Social distance and the multimodal construction of the Other in sectarian song

Simon McKerrell*

*Corresponding author for this work

Research output: Contribution to journalArticlepeer-review

6 Citations (Scopus)


This paper introduces the concept of “tonal gravity” through a multimodal analysis of a YouTube video to demonstrate how multimodality is key to the construction of “Rule Britannia” as a sectarian song. The analysis focuses upon the multimodal semiotics of social distance which has been a key concept in sociological and anthropological traditions in recent times. This concept offers a means to understand the social semiotic relationship between Self and Other in multimodal discourse. Following previous work in social semiotics and music studies which examine how visual composition, music and the voice have constructed social distance or expressions of intimacy, I introduce the concept of tonal gravity which extends the metaphors of semiotic space in previous work in the musical mode, to account for a fuller understanding of how music helps narrate the multimodal Self and Other. This is introduced via a close multimodal analysis of “Rule Britannia” as a Rangers Football fan video which is only transformed into a sectarian text through multimodal collocation where different semiotic resources in various modes act in combination to produce a dominant Self actively prejudiced against a low Other.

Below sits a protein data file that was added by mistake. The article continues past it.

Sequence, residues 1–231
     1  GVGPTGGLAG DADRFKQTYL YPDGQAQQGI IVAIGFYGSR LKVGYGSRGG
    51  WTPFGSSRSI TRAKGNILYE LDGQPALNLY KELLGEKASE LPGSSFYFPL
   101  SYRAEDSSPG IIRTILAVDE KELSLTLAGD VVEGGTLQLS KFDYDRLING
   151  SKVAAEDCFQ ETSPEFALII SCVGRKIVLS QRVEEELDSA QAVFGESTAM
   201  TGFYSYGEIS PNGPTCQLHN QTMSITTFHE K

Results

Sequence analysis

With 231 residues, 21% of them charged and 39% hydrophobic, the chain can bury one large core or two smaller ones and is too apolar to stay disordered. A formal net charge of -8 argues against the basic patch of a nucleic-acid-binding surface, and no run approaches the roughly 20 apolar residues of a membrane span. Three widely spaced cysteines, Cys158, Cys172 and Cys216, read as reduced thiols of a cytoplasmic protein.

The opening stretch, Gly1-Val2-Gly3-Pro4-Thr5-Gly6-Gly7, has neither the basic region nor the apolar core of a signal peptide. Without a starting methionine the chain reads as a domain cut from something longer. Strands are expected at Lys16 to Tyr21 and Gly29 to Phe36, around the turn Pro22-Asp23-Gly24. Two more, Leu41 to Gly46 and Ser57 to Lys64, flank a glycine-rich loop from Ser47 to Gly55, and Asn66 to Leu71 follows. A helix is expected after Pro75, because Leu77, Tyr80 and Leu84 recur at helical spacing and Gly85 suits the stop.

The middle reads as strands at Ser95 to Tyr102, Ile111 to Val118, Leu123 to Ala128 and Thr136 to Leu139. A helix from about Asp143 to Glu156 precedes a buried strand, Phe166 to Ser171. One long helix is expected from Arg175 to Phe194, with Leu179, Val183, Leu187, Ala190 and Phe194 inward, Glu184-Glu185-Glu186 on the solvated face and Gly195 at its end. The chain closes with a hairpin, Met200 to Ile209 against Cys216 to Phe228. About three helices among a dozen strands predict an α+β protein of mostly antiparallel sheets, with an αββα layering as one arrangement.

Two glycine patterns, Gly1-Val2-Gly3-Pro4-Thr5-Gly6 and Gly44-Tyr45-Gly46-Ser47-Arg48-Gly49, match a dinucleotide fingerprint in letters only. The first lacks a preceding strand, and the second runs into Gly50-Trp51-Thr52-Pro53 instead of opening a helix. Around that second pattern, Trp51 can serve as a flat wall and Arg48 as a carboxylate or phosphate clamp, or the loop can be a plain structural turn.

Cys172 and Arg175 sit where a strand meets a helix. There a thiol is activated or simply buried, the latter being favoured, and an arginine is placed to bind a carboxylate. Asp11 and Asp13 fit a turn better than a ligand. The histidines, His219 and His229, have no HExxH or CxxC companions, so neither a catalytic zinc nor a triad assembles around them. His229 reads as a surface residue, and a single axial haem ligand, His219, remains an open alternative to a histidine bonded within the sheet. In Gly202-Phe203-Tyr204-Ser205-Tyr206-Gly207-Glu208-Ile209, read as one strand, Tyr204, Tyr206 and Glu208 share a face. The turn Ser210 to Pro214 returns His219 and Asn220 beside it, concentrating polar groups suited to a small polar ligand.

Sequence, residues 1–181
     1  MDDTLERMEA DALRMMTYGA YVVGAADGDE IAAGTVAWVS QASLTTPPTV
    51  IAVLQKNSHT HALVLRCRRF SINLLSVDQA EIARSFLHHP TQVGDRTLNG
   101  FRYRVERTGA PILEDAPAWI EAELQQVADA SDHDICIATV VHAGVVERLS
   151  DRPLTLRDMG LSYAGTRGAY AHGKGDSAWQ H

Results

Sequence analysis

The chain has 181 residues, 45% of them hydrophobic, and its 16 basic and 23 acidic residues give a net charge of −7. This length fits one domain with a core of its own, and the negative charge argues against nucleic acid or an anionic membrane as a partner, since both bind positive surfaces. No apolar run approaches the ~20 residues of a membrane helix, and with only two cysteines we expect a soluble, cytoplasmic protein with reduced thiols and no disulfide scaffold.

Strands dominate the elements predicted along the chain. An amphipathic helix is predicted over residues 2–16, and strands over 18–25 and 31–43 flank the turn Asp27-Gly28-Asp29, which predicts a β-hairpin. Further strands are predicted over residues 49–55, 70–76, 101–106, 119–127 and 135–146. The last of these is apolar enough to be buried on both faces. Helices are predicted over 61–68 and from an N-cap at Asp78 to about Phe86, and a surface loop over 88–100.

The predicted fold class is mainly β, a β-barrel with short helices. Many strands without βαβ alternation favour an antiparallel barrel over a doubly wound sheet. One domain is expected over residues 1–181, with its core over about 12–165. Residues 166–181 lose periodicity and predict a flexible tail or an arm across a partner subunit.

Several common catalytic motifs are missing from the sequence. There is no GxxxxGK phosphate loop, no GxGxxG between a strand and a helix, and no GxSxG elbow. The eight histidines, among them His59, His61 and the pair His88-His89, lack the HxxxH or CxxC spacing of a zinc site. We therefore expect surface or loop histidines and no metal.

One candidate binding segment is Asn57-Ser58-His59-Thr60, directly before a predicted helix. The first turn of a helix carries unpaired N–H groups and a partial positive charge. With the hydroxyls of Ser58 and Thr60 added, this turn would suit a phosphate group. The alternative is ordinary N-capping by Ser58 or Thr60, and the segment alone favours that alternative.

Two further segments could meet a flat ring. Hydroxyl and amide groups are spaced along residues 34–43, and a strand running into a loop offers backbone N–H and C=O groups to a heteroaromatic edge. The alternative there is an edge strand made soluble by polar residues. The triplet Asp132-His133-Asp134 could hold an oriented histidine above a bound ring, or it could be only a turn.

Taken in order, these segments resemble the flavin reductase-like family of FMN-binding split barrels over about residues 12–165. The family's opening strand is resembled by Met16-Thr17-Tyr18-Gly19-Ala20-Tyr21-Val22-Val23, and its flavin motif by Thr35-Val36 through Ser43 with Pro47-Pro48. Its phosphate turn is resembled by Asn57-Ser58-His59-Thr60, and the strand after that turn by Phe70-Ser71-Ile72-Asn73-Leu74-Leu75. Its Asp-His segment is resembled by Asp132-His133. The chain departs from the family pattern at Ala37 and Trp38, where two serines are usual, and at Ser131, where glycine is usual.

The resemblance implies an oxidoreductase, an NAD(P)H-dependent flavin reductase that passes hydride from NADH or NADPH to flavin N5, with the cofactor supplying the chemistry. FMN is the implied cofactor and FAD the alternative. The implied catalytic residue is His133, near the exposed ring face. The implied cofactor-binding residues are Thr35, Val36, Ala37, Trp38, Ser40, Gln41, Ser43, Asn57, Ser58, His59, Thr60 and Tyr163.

Original languageEnglish
Pages (from-to)614-632
Number of pages19
JournalSocial Semiotics
Issue number5
Early online date31 Jul 2015
Publication statusPublished - 20 Oct 2015


  • music
  • social distance
  • tonal gravity
  • sectarianism
  • multimodality
  • semiotics

ASJC Scopus subject areas

  • Cultural Studies
  • Communication
  • Language and Linguistics
  • Linguistics and Language


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